By Jeffrey Blyth in New York
American freelance Jill Carroll, who spent almost three months as a hostage in Iraq, returned home to the hugs and kisses of her family and friends – but also a firestorm of criticism, mostly related to the comments she made on her release in Baghdad, in which she said her captors had treated her well. Carroll also drew her criticism for comments she made on a tape about America's presence in Iraq — comments which she has since rescinded.
Richard Bergenheim, the editor of the Christian Science Monitor, for whom Carroll was working when she was taken hostage, said in a statement that the comments were all made under duress and were understandable.
Senator John McCain, who spent five years as a prisoner of war in north Vietnam, agreed and on American television said many prisoners would have done the same. The tape she made should not be taken seriously, he suggested.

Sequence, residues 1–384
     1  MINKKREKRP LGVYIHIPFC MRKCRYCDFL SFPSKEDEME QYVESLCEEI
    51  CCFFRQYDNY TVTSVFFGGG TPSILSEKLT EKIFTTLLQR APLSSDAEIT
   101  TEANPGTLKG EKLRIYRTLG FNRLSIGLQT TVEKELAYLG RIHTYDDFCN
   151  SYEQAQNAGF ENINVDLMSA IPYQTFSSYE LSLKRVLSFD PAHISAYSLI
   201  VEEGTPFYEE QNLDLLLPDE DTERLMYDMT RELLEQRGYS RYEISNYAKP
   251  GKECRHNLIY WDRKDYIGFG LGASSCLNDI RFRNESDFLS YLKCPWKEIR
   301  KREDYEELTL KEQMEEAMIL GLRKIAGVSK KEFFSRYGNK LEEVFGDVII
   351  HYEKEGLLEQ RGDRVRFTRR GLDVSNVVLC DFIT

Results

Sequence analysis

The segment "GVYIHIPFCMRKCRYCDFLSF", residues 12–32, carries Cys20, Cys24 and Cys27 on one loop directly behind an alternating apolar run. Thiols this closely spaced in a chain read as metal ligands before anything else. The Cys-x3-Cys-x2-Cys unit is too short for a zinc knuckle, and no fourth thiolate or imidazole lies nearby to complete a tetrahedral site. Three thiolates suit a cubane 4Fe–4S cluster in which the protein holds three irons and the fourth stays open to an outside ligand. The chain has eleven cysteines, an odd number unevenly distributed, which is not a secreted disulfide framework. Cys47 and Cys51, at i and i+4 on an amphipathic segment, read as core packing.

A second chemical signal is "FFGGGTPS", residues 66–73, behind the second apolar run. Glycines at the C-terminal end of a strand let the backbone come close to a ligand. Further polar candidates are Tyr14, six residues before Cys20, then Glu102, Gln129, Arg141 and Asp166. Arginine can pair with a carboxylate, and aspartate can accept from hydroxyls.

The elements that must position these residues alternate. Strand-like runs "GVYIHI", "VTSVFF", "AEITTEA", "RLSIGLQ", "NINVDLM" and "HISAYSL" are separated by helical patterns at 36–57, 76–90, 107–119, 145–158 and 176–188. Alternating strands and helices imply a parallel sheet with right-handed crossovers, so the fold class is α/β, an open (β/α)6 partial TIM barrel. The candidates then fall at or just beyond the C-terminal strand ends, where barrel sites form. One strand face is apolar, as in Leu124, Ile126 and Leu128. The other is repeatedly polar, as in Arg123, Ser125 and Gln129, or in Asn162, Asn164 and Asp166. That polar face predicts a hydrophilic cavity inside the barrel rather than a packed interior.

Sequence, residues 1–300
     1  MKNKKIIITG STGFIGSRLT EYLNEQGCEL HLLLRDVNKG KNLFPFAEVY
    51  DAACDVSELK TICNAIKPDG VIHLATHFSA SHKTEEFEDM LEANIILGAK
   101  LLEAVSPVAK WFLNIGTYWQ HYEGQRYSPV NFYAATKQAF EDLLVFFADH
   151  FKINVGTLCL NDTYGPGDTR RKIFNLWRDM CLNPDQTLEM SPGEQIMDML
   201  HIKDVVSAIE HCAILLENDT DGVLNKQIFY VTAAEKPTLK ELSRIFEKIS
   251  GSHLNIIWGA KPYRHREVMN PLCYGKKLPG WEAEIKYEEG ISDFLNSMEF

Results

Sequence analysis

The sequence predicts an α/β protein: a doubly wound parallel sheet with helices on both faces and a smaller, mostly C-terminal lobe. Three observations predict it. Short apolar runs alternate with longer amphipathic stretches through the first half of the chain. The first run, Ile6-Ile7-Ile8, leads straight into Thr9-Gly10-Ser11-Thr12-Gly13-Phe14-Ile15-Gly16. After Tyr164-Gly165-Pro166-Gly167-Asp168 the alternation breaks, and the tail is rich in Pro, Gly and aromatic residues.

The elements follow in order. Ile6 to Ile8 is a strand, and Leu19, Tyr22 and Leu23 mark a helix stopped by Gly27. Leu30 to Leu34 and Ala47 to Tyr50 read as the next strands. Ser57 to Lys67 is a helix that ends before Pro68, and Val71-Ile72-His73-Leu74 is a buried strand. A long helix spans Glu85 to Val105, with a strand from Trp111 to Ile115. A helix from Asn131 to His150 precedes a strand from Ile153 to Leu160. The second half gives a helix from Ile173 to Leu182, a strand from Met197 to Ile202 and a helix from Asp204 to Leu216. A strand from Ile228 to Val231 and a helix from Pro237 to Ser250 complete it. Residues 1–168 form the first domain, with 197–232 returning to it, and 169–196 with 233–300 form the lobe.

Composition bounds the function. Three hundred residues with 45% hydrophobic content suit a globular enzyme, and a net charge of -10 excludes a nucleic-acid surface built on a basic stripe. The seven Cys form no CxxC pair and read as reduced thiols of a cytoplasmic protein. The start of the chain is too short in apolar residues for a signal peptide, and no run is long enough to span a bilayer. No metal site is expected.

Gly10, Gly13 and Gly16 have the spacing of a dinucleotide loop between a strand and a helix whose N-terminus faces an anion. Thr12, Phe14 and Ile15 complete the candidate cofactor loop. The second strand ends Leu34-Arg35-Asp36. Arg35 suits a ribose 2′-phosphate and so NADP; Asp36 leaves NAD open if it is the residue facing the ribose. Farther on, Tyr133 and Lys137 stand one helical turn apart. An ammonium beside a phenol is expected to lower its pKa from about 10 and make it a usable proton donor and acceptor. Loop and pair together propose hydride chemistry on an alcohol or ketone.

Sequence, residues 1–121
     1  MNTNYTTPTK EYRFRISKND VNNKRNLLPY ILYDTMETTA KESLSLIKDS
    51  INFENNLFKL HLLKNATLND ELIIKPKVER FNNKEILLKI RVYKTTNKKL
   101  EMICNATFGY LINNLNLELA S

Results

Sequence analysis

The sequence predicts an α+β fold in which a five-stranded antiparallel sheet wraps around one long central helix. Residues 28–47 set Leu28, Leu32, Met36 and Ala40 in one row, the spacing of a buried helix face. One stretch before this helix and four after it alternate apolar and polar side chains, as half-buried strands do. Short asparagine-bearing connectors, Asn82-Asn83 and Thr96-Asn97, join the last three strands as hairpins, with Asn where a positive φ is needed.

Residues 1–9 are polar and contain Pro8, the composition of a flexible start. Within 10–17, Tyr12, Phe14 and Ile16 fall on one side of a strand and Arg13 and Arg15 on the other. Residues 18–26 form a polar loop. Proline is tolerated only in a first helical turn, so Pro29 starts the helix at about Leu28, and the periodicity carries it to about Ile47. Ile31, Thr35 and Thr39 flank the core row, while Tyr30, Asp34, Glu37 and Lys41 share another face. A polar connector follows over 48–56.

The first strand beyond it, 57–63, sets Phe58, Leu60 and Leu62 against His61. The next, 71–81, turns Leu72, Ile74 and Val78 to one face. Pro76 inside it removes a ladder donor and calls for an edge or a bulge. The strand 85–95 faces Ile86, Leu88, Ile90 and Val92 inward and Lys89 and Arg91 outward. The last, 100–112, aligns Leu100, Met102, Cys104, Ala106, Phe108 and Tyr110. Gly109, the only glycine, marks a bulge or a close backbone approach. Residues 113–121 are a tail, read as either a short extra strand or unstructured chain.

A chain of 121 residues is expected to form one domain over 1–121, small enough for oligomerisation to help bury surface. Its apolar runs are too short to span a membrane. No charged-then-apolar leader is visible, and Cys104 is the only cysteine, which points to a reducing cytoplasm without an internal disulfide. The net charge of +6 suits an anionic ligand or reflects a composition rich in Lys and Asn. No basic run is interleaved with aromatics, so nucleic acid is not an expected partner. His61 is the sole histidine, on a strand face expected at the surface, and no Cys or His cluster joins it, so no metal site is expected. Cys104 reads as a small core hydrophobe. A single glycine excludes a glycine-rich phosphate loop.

Safely back in Boston, her hometown, Carroll said in a statement issued by the Christian Science Monitor that on her last night in captivity, she had been forced to make the tape and assured that if she made it she would be let go. "Things I said are now being taken as by some as an accurate reflection of my personal views. They are not. The people who kidnapped me and murdered my translator are criminals at best. I am deeply angry at them."
On Carroll's return to the US, there were also suggestions that a deal had been made, that money had changed hands. But that has been denied both by the US government and the Christian Science Monitor.
The 28-year-old newswoman is now spending time in seclusion with her family and has so far given no interviews. Her only comment to journalists here was: "I finally feel I am alive again. I feel so good". Her editor has said she will ultimately write her own account of the time she spent in captivity.